Usage of /:   9.1% of 15.34GB   Users logged in:        0
  Memory usage: 10%               IP address for ens5:    172.31.60.52
  Swap usage:   0%                IP address for docker0: 172.17.0.1


  Get cloud support with Ubuntu Advantage Cloud Guest:
    http://www.ubuntu.com/business/services/cloud

178 packages can be updated.
86 updates are security updates.




This node comes with Docker 18.09.6 installed.

ubuntu@arm-node1:~$ sudo docker version
Client:
 Version:           18.09.6
 API version:       1.39
 Go version:        go1.10.8
 Git commit:        481bc77
 Built:             Sat May  4 02:40:48 2019
 OS/Arch:           linux/arm64
 Experimental:      false

Server: Docker Engine - Community
 Engine:
  Version:          18.09.6
  API version:      1.39 (minimum version 1.12)
  Go version:       go1.10.8
  Git commit:       481bc77
  Built:            Sat May  4 02:00:10 2019
  OS/Arch:          linux/arm64
  Experimental:     false
ubuntu@arm-node1:~$




Checking the Node IP

PS C:\Users\Ajeet_Raina> docker-machine ip arm-node1
34.218.208.175

Running ARM-based Portainer v1.20.2 Container

Before we run Portainer, we need to ensure that the port 9000 is open for accessibility.

Click on Actions > Inbound Rules and add 9000 for Portainer. Allowing “All TCP” from 0-65535 is just for testing purpose and not recommended for the production environment.


ubuntu@ip-172-31-62-91:~$ sudo docker run --rm mplatform/mquery portainer/portainer
Unable to find image 'mplatform/mquery:latest' locally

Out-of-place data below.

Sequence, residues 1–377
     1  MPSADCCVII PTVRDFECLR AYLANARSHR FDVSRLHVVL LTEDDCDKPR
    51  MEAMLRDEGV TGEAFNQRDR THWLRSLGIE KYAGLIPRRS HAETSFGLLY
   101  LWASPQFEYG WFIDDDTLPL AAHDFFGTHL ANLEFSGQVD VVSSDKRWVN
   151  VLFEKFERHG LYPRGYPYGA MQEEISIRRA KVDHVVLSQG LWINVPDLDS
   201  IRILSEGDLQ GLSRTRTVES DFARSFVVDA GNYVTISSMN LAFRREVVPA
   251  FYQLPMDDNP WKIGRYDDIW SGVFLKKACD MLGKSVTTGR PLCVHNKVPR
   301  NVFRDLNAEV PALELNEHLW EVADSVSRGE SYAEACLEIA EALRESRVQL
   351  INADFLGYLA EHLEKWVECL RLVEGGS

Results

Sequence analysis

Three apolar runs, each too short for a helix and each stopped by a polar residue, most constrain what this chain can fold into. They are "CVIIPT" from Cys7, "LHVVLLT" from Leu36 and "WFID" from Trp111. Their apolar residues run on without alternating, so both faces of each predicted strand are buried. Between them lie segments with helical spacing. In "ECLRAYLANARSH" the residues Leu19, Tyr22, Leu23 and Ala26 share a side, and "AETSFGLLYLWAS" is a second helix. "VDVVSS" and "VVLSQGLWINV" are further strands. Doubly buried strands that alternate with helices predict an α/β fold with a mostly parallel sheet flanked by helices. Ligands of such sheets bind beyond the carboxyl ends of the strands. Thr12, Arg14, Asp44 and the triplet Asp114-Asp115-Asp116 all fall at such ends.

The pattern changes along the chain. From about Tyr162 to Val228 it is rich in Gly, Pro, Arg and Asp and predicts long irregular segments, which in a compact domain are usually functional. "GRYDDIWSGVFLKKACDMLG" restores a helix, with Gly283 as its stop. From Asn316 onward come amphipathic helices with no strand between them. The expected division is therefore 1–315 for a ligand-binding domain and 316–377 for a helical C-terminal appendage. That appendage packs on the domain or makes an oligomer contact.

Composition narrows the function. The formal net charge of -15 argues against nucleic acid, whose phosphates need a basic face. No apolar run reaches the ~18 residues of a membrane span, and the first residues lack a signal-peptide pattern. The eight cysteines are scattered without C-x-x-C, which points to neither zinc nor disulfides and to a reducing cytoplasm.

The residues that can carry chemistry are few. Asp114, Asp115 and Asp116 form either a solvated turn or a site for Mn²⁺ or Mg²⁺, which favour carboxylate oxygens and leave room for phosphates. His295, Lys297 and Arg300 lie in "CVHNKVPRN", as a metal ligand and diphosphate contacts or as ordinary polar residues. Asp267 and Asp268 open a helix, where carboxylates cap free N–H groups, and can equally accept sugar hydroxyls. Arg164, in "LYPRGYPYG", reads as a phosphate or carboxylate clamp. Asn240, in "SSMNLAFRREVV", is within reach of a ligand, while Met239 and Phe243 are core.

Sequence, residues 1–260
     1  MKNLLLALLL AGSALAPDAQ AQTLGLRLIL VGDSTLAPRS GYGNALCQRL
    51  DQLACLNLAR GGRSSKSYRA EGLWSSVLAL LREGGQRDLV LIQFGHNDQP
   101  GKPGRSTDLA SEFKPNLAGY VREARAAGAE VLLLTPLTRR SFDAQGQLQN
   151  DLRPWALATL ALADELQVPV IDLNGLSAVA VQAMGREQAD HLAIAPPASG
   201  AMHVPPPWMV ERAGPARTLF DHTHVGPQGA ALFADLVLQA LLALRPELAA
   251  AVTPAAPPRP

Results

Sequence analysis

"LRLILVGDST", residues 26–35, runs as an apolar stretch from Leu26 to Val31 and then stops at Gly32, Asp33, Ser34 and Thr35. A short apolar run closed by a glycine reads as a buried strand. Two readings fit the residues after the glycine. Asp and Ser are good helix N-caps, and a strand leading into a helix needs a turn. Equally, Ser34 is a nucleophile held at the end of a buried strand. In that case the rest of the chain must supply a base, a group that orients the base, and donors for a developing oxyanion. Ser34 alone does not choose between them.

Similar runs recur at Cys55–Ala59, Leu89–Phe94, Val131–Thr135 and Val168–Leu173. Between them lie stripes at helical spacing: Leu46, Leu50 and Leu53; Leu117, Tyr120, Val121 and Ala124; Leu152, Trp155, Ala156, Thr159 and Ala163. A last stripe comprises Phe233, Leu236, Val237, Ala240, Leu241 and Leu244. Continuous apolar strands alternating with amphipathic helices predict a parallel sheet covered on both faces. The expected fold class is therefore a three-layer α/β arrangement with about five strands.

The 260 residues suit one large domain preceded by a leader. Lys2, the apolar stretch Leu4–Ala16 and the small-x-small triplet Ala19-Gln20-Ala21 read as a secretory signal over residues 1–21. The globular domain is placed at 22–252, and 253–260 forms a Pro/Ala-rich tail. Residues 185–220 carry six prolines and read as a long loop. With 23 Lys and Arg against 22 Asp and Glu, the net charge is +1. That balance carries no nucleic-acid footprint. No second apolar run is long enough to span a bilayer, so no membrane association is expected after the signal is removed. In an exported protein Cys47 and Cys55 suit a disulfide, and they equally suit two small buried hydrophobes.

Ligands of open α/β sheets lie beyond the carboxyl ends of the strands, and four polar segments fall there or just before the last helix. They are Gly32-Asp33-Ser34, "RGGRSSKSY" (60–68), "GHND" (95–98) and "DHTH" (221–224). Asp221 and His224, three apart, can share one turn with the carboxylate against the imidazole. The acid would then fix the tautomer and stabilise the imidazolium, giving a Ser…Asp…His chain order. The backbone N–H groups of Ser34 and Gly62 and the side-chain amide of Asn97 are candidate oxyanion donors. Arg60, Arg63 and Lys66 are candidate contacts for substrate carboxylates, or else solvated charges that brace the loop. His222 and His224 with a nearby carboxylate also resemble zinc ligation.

latest: Pulling from mplatform/mquery
db6020507de3: Pull complete
713cdc222639: Pull complete
Digest: sha256:e15189e3d6fbcee8a6ad2ef04c1ec80420ab0fdcf0d70408c0e914af80dfb107
Status: Downloaded newer image for mplatform/mquery:latest
Image: portainer/portainer
 * Manifest List: Yes
 * Supported platforms:
   - linux/amd64
   - linux/arm
   - linux/arm64
   - linux/ppc64le
   - windows/amd64:10.0.14393.2551
   - windows/amd64:10.0.16299.967
   - windows/amd64:10.0.17134.590
   - windows/amd64:10.0.17763.253

Initialising Docker Swarm Mode on Arm-based EC1 instance

Follow the below steps to setup 2 Node Docker Swarm Mode cluster on AWS Platform using Docker Machine.

PS C:\Users\Ajeet_Raina> docker-machine create  --driver amazonec2  --amazonec2-access-key=${ACCESS_KEY_ID}  --amazonec2-secret-key=${SE
CRET_ACCESS_KEY} --amazonec2-region=us-west-2 --amazonec2-vpc-id=vpc-ae59f0d6 --amazonec2-ami=ami-0db180c518750ee4f --amazonec2-open-por
t 2377 --amazonec2-open-port 7946 --amazonec2-open-port 4789 --amazonec2-open-port 7946/udp --amazonec2-open-port 4789/udp --amazonec2-open-port 8080 --amazonec2-open-port 443 --amazonec2-open-port 80 --amazonec2-subnet-id=subnet-827651c9 --amazonec2-instance-type=a1.medi